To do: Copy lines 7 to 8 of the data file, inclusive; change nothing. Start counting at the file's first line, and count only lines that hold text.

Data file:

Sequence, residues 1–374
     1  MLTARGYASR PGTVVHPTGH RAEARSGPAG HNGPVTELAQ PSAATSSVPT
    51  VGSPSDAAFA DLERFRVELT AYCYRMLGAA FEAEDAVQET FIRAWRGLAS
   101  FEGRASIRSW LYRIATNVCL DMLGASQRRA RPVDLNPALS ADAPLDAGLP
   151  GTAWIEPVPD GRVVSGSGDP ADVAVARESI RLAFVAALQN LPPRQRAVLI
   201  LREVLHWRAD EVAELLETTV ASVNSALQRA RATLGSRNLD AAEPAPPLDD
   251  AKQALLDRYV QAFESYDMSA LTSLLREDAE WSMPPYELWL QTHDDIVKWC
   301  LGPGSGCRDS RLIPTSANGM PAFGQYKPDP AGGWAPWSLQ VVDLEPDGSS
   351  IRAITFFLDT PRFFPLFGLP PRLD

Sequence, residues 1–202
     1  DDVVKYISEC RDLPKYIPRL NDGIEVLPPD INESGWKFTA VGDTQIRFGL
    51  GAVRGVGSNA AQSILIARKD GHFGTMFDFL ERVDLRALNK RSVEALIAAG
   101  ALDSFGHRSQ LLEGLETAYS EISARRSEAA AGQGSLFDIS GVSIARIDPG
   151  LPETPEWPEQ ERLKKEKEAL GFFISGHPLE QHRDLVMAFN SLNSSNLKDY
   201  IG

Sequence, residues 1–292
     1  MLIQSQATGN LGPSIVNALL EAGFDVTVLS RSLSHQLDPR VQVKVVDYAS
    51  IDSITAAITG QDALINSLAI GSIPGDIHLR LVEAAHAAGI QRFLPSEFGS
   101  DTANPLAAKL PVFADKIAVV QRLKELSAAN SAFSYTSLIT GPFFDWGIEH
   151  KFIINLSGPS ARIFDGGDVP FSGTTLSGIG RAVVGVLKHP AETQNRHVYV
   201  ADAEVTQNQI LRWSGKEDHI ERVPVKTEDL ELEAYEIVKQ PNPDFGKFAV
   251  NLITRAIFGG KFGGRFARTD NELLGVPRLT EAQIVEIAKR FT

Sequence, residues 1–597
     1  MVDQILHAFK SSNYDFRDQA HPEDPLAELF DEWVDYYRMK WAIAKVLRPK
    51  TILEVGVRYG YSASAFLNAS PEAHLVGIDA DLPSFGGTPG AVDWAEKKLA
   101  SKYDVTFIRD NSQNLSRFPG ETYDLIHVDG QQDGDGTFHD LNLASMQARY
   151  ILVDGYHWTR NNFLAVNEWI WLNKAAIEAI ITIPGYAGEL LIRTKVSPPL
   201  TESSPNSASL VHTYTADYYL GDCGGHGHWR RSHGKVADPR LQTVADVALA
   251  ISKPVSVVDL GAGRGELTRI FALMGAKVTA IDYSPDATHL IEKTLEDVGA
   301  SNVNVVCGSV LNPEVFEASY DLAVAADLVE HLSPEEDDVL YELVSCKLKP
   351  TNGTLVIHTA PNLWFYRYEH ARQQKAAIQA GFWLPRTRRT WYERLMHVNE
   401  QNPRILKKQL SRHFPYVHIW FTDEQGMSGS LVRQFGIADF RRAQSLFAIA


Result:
   251  AKQALLDRYV QAFESYDMSA LTSLLREDAE WSMPPYELWL QTHDDIVKWC
   301  LGPGSGCRDS RLIPTSANGM PAFGQYKPDP AGGWAPWSLQ VVDLEPDGSS